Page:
Christina Hoffmann has covered real estate and homeownership for two decades, including as REALTOR® Magazine managing editor and HouseLogic.com’s content manager, with added expertise as owner of a demanding 100-year-old house. She is currently a senior speech writer at NAR.
Salesperson Leaves Nest, Sort Of
July 1, 1996
OK, you're getting virtually 100 percent (that is, minus the broker fee), you have an assistant, and between you, the assistant, and your office equipment, you're running out of elbowroom. You also don't want to leave your broker or start your own company. What's a salesperson to do?
About three years ago, Cherry Ruffino, of Coldwell Banker--Richard Smith, REALTORS®, College Station, Texas, faced this sticky wicket. "I had the choice of going to another company or staying with my broker, with whom I'd worked 19 years."
The solution? "My broker let me rent my own office space about five blocks from the brokerage," Ruffino says. "I still pay an office fee to him, since my split is almost 100 percent. But that fee is less than before because I now have to pay for my own equipment and office expenses on this 300-square-foot space."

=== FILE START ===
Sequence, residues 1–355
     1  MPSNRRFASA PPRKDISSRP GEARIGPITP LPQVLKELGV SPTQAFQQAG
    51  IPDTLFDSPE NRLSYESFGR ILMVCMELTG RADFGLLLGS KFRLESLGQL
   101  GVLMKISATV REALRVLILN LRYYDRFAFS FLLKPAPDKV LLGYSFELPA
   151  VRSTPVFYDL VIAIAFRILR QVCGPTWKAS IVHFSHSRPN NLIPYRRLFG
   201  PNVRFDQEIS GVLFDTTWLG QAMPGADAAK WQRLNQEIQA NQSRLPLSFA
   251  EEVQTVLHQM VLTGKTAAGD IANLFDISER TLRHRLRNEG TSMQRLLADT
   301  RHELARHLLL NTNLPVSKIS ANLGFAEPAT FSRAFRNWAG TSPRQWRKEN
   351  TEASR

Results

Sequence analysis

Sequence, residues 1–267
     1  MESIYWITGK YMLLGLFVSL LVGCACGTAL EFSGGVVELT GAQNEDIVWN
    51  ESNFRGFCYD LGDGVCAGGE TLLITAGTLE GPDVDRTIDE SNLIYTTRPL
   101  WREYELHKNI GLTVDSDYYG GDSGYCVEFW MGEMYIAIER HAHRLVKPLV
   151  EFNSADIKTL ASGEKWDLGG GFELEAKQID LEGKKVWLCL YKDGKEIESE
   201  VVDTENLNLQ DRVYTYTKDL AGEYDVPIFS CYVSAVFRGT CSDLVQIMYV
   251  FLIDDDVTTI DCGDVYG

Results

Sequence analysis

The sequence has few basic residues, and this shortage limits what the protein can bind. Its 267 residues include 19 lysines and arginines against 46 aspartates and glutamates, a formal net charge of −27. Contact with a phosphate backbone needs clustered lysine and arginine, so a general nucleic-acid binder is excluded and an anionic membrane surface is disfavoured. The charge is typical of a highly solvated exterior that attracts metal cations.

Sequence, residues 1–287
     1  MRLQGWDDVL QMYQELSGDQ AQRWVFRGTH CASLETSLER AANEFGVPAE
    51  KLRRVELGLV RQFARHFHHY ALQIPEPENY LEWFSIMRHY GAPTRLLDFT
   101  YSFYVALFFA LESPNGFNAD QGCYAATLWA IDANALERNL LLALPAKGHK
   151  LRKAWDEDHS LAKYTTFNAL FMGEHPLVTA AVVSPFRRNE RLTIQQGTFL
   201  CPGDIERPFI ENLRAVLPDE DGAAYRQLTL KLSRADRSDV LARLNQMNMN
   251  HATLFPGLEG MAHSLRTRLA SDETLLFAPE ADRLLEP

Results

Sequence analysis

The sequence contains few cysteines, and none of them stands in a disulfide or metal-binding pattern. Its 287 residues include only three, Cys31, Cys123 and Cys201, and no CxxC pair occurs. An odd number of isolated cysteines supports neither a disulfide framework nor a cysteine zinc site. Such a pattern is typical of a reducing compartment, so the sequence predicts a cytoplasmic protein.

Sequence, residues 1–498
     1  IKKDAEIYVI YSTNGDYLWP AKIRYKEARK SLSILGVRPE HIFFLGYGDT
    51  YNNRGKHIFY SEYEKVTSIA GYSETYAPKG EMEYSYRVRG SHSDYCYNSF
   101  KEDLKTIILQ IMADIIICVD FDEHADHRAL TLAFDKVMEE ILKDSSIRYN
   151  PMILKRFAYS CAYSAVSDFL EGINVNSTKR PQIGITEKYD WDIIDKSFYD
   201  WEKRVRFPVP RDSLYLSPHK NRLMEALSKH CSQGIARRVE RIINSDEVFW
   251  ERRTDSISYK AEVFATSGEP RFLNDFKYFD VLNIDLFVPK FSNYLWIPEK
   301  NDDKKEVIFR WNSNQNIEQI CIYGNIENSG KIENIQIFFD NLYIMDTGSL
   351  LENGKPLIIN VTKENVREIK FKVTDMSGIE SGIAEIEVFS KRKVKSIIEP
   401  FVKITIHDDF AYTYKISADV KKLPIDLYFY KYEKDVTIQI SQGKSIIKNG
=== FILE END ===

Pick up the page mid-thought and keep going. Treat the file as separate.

Any calls that Ruffino receives at the main office are transferred to her office. "I do tons of self-promotion, so my direct line gets most of my calls, anyway. There are probably a few calls that don't make it through, but my colleagues work hard to make sure I get them."
One problem she's found, however, is getting her new listings and price changes to the other salespeople at her office. "I get their updates through the computer. However, they don't depend on the computer as much, so I have to fax them information about my new listings and price changes or present it in person. Sometimes things fall through the cracks, but that happens even when you're sitting across the desk from someone.
"My office setup is the best thing I've ever done," Ruffino says. "I'm happy to talk shop and let people pick my brain, but this way I can take care of what I need to without interruptions." Still, Ruffino admits she misses the office camaraderie a bit, though her colleagues come to visit her.
For Ruffino, management is the key to why she's stayed at the company. "I like the association with Coldwell Banker and the national support I get from it. I feel a deep loyalty to my broker, who's always supported me and found ways for me to grow. He's on my side, so I don't feel alone out here."
Senior Speech Writer
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